|Adjusted for age, gender, type of operation, and EuroScore.|
The study showed that one-fifth of the study-group below the age of 63 was allocated either disability pension (17.3%) or a permanent part-time benefit (2.3%) before they underwent CABG and/or valve surgery. Patients being unemployed or on sick leave one year before surgery had a reduced likelihood of returning to the workforce after surgery, whereas unemployment at the time of surgery had no impact. Being on sick leave at the time of surgery had only a minor impact on returning to the workforce one year after the surgery.
How often the patients return to the workforce after cardiac surgery varies from less than one third to no difference in employment rate one year after surgery compared to before [3–8, 10–12, 17, 18] which might be explained by differences in study populations, time periods, and the socioeconomic support system of the countries. The proportion of patients returning to the workforce in our study was especially high if the patients were working and the lowest for patients at sick leave one year before surgery. The importance of work status before cardiac surgery for returning to the workforce postoperatively has previously been demonstrated [3–6, 8]. One obvious explanation lies in differences in health status between those who work and those who do not, especially looking at patients on sick leave one year before surgery. By including the EuroScore we tried to adjust for the differences in health status among the patients prior to surgery. However, EuroScore is an implemented scoring system for estimating postoperative mortality , and the EuroScore alone may not have been able to fully adjust for all comorbidities, for example, diabetes, adiposity, musculoskeletal disorders, and psychiatric diseases which might have an impact on the patients’ ability to reenter the workforce postoperatively. Therefore, there is a risk of residual confounding with respect to comorbidities.
Not only being on sick leave but also being unemployed the year before surgery had a significant negative impact on the chance of returning to the workforce one year after surgery and might indicate that health status alone is not the only factor critical to the patients chance of returning to the workforce. Unemployment has earlier been associated with an increased risk of all-cause mortality but the mechanism is not fully understood . However, a recent study indicated that people with impaired health are forced out of the labor market in times of increasing unemployment rather than pointing towards a negative effect of unemployment on health .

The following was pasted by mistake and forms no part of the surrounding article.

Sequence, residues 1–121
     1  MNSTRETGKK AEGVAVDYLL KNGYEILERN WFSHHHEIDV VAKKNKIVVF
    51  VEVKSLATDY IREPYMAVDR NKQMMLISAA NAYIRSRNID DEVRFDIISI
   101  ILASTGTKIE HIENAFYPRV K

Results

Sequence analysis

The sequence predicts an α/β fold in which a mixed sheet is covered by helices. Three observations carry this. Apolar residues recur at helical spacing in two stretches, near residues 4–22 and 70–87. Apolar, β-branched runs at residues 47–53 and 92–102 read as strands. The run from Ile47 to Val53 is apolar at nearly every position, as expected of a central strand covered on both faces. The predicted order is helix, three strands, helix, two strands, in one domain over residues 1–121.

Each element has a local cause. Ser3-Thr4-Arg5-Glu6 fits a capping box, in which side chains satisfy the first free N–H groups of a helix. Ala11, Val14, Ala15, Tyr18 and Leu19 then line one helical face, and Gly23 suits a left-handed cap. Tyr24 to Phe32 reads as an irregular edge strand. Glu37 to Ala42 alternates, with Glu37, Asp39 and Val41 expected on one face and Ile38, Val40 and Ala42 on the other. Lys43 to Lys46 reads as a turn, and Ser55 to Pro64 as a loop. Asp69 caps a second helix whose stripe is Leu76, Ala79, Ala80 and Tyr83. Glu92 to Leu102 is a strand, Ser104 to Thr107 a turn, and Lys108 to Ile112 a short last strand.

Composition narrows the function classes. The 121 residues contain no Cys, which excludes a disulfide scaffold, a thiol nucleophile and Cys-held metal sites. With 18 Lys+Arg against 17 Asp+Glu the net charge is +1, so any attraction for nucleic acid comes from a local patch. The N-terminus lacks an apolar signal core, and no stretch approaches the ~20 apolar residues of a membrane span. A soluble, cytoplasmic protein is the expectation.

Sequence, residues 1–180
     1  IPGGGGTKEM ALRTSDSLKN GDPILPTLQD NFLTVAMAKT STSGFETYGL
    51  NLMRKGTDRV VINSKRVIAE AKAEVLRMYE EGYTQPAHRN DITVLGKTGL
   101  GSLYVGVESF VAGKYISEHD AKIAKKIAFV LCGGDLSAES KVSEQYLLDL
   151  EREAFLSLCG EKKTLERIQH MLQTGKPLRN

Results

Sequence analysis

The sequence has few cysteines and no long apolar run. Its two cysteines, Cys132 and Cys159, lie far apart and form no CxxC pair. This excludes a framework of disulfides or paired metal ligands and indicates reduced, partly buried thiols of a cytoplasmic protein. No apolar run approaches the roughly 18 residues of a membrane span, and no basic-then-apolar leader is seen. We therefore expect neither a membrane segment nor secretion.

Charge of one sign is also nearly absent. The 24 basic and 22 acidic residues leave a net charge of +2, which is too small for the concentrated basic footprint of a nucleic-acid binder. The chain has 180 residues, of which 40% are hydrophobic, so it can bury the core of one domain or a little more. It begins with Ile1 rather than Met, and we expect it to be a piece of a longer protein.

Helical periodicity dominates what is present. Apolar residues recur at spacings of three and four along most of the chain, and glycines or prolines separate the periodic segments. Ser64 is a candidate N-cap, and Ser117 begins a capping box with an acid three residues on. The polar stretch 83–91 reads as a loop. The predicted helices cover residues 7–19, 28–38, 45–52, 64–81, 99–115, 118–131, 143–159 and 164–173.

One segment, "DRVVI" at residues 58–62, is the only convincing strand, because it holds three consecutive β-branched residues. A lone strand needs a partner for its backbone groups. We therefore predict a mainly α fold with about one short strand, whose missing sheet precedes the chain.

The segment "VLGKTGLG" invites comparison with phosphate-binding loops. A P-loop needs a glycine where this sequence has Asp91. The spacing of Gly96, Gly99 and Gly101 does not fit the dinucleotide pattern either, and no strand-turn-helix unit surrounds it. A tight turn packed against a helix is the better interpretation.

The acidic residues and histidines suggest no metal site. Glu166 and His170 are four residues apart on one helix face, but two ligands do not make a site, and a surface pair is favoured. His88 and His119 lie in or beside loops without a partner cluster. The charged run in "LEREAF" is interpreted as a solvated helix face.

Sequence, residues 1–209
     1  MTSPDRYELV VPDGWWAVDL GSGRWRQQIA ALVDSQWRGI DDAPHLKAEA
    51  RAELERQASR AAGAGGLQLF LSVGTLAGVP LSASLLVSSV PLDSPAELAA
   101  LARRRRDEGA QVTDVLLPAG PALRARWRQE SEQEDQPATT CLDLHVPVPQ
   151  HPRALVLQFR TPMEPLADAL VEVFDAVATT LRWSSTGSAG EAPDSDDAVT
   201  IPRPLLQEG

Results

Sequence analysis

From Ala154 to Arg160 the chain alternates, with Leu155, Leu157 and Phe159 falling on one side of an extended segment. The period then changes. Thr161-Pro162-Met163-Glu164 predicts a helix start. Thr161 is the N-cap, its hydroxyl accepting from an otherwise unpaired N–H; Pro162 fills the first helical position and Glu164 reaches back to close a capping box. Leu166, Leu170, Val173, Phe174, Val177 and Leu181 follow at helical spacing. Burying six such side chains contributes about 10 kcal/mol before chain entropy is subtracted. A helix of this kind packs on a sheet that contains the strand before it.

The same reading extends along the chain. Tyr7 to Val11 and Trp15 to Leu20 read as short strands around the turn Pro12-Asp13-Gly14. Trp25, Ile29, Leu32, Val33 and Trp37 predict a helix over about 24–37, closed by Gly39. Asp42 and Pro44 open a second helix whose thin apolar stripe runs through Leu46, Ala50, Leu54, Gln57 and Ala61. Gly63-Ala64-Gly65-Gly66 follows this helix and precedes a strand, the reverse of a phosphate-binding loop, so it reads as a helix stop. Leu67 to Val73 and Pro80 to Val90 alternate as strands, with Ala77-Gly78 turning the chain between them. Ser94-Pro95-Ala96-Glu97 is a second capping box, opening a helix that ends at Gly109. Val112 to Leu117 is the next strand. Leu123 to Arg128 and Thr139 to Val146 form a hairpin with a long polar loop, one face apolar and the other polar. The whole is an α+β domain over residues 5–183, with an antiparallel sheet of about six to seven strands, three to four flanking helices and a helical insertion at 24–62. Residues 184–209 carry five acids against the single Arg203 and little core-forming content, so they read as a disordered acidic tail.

The strength of this registry-based study is the uniform data collection at baseline and the complete follow-up which minimizes the risk of selection bias. We had no information regarding the type of work or education which might have had an impact on the patients’ chance of returning to the workforce . Furthermore we only had information about the type of benefits the patients received, but not the reason (i.e., the reason for being on sick leave).
The patients were included from 2003 to 2007 and followed the first year after surgery. Since then the number of available jobs in general has been reduced due to the financial crisis. However, focusing on return to the workforce instead of return to work probably made the estimates more robust for the one-year follow-up. Furthermore, the influence of the financial crisis on changes in the social security system would more likely have an impact looking at longer follow-up periods.
It is surprising that 16% of the study population did not receive any social benefit at the time of surgery. This may indicate short-term sick leave for these patients, since only sick leave more than two weeks is registered in the DREAM database. Some of the patients not receiving benefit may reflect that they were economically funded by their spouses. However, this figure is probably low.
In the postoperative period patients may experience fatigue, anxiety, depression, and cognitive dysfunction [22, 23] and these conditions may influence the ability of the patients to return to the workforce. An observational study from Israel indicated more frequent return to the workforce among participants in a cardiac rehabilitation programmes, in a population with a participation rate at 7% . In Denmark complete participation in cardiac rehabilitation has been found even lower for patients with ischaemic heart disease . More knowledge regarding the impact of cardiac rehabilitation on the possibility to return to the workforce is needed among patients who undergo cardiac surgery. Furthermore, the impact of culture and socioeconomic factors present in different countries should be analysed in future studies.
In conclusion, this study found work status before surgery to be important for the likelihood of returning to the workforce after CABG and/or valve surgery. Furthermore, at the time of surgery 17% of patients below the age of 63 were allocated disability pension.
Conflict of Interests
The authors declare that there is no conflict of interests regarding the publication of this paper.
Kirsten Fonager made substantial contributions to the design and to the interpretation of data and drafted the paper. Søren Lundbye-Christensen participated in the design, performed the statistical analysis, and helped to draft the paper. Jan Jesper Andreasen made substantial contributions to the design and to the interpretation of data and helped to draft the paper. Mikkel Futtrup and Khalil Ahmad had participated in acquisition of data. Anette Luther Christensen participated in the design, acquisition of data, and statistical analysis. Martin Agge Nørgaard participated in the design and helped to draft the paper. All authors read and approved the final paper.